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Do anyone understand this ?

I read science article about discover of galaxy that is 13 billion light years, then there is other galaxy 12 billion light years in other direction. The galaxys are 25 billion light years from each other. Nothing move faster than speed of light and universe is less than 15 billion years old so how galaxys are so far from each other.

The light we see is from 12 or 13 billions of years ago so they had to be that far apart then now it’s 13 billion years later so it seem the galaxys would be 50 billion year old but universe is less than 15 billion years old so can any of this be add up?

 

Thank you for any help in understanding. 

SquareRoot  May 13, 2015

Best Answer 

 #10
avatar+26322 
+10

It looks like nobody actually answered your question SquareRoot!  Here's an (admittedly oversimplified) explanation:

 

Suppose you switch on a torch and point it to your left.  At the same time you switch on another torch and point it to your right.  15 billion years later the light beams will be 30 billion light-years apart!

.

Alan  Jun 28, 2015
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11+0 Answers

 #1
avatar+1035 
+10

Start with Hubble's law. Space is continually increasing. That is, time-space is in a perpetual formation. The rate is 72 cubic kilometers per cubic Mparsec per second (± 11.1%) –i.e. give or take a few cubic millimeters.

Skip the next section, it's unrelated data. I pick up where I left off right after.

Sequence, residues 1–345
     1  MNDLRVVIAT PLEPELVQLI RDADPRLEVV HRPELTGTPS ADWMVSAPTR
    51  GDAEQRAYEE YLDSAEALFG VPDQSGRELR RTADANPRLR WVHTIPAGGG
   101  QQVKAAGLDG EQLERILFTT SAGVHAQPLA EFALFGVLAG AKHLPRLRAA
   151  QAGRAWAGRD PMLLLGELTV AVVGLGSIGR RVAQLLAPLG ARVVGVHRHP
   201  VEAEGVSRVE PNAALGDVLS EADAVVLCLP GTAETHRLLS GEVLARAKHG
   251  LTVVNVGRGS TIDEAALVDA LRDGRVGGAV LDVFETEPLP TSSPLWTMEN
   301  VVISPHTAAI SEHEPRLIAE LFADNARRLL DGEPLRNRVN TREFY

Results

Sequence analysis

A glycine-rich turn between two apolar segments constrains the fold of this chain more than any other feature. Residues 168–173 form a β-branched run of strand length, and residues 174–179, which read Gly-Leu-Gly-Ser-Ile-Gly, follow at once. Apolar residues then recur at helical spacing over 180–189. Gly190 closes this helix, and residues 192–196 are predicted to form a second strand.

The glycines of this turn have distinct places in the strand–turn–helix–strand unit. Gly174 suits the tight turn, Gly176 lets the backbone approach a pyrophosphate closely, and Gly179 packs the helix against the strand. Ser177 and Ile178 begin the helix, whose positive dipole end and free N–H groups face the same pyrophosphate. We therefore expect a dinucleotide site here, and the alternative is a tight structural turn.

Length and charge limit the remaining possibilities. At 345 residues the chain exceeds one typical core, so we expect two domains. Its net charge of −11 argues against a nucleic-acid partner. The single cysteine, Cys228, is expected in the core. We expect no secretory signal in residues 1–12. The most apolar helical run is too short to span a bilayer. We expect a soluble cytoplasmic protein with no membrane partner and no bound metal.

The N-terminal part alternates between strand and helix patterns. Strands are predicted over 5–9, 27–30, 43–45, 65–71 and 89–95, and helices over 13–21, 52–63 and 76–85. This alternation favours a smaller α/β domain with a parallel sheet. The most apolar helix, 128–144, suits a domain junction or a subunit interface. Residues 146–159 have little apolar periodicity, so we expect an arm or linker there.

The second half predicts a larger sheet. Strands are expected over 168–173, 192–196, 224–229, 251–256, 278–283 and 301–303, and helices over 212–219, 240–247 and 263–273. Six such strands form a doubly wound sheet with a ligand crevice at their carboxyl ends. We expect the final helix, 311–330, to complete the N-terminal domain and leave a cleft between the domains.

Now, if I could only figure out how to increase this rate for my closet space.

 

 

Edited rate

Nauseated  May 13, 2015
 #4
avatar+145 
+5

Ya Know why that's cool? Because the stars you see every night are real ghosts! That light you're seeing is from stars that might not even BE there any more! The stars are so far away, that even though that light travels so quickly, it doesn't hit you until billions of years later, after the star isn't even there anymore. You see ghosts every night.

GirlsNightOut  May 13, 2015
 #5
avatar+90968 
+5

That is a really good question square root  :/

 

Thanks you Nauseated but I think that your answer needs to be expanded upon.

 

Nauseated - it sounds like you need a tardis for a closet.  I thought only women were supposed to have closet problems :/

 

And yes GirlsNightOut the concepts here are very 'out there'    

Melody  May 14, 2015
 #6
avatar+1035 
+10

One great thing about Hubble’s law is it e x p a n d s my a n s w e r, too – no need for me to do it. :)

 

Nauseated - it sounds like you need a tardis for a closet. I thought only women were supposed to have closet problems :/ 

 

Years ago, I often confused telephone booths for TARDISes. To keep it from becoming a total loss, I used the phone to call my feminine side. As you might expect I always got a busy signal -- and lost my dime, too. One time, the phone started ringing as I entered the booth. I answered, and, lo and behold, it was my feminine side calling. She wanted me to do something about Fibber McGee's closet.

 

https://www.youtube.com/watch?v=h9FGC68YcwM#t=13

Nauseated  May 14, 2015
 #7
avatar+89 
+5

Thankyou for answer to question. I look at next term physics book and see large astro physics section in book. Not know about any thing of this.

I work on capstan equation problem now for many days and still not know how to do it and it is simple as to astro questions. Maybe I ask later and someone here know how to do it.

 

PS what is tardis?

SquareRoot  May 19, 2015
 #8
avatar+90968 
+10

WHAT IS A TARDIS YOU ASK !

 

https://www.youtube.com/watch?v=dUBxHd3bMhg